Local cities around the U.S. are opting to run their own government embraced broadband service and there are about 133 cities operating the service. Though it is not stated just how much the locals are charging their residents for connecting to the Internet nor is it stated how satisfied customers are, the fact is that the major broadband companies claim the cities pose an unfair advantage to their broadband business.
The reasoning why cities should build their own broadband service is simple. The cities are better able to control who gets service, including those who may reside outside of the city. Some of the major broadband providers may not see providing of services where the source of revenue could be less than profitable, whereas a city may go the extra mile to service everyone they can.
In addition, cities see broadband service as good business sense for their communities. With more and more people telecommuting or setting up businesses on the Web, the cities feel they provide a valuable service to their residents. Without broadband these business ventures could flounder and could make a city less attractive as a residence.
So how important is broadband in a small city? The city I live in has a population of about 20 thousand. About four years ago the local chamber starting questioning both cable and phone companies as the to the reasoning behind why service wasn’t being provided to the entire city. They also brought this to the attention of city officials who considered going it on their own and providing broadband to everyone. Surprise, surprise. Both cable and the phone people had everyone connected within a year, no matter where they lived.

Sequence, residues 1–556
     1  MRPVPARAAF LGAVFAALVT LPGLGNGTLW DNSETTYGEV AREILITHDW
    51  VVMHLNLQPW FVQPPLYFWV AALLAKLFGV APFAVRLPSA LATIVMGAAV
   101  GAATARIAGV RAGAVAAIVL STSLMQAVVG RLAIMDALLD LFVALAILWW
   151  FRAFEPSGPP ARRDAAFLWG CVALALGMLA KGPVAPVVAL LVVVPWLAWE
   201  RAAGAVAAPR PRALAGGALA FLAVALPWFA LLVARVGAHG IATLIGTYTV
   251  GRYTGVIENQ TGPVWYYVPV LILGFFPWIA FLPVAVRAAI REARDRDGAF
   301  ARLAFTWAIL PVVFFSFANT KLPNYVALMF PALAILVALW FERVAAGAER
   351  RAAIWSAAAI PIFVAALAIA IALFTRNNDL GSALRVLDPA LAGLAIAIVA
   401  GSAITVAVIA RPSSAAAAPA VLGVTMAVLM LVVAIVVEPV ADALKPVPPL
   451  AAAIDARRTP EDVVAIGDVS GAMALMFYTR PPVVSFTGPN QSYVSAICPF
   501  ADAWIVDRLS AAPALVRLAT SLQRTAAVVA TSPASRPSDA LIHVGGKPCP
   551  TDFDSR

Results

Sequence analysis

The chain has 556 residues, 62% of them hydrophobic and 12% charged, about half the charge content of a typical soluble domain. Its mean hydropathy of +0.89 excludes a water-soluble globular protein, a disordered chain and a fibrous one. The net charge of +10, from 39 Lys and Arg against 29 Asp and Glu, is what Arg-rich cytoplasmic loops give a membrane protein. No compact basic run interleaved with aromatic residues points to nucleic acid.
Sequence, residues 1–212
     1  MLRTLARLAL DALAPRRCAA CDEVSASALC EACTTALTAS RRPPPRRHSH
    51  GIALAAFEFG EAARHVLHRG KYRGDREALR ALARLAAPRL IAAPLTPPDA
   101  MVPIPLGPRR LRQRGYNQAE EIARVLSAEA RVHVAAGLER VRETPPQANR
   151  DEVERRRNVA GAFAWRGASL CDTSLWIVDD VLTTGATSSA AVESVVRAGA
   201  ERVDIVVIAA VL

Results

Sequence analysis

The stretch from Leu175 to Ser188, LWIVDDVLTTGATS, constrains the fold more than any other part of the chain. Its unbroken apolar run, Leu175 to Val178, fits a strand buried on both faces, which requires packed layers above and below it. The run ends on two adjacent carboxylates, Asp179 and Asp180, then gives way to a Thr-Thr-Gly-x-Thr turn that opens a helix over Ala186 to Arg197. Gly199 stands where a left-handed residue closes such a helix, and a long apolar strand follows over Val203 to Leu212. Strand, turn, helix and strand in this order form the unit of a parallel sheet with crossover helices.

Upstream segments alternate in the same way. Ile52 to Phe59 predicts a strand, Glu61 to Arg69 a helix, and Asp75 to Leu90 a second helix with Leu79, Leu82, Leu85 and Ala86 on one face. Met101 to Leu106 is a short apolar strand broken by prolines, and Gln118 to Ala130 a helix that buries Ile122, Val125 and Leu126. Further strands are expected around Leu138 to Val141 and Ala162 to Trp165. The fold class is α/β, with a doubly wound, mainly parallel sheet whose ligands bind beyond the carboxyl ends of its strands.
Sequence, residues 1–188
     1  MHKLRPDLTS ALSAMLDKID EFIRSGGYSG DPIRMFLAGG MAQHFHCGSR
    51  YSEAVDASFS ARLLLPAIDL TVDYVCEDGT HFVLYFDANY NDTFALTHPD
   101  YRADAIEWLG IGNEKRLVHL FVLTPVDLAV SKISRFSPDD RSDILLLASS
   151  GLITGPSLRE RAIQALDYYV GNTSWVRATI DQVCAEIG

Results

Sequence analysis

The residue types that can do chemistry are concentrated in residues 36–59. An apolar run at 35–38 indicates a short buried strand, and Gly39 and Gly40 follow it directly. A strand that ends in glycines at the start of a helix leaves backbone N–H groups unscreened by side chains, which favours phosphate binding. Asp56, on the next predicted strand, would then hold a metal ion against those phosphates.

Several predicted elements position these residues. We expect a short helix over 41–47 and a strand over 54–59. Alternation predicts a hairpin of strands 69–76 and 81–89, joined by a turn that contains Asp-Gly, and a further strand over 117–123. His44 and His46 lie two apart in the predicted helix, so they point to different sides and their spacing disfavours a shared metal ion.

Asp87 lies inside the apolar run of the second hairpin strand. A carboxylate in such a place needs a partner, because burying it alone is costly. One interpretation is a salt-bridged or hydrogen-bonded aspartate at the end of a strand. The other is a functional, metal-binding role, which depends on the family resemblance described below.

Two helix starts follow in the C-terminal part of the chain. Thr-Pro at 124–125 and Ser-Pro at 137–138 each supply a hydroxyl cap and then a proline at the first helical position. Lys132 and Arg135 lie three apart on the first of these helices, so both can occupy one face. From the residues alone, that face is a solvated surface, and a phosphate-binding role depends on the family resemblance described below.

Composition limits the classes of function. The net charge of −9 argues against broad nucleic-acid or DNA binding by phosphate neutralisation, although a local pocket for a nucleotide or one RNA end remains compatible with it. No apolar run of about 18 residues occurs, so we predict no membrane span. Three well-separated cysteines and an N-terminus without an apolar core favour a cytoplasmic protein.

Now that the FCC has embraced an open Internet for all, will more cities around the country take the leap into the broadband business? More important, is having the local city government controlling our broadband service a good idea?
Personally I believe it depends on where you live and how much you trust your local government. The city where I live controls electric rates, garbage, water, sewer, and a recycling center. We currently enjoy some of the lowest rates in the nation for these services. So for me this could work for my city to take over broadband internet services including TV and landlines. Just my two cents.
What do you think?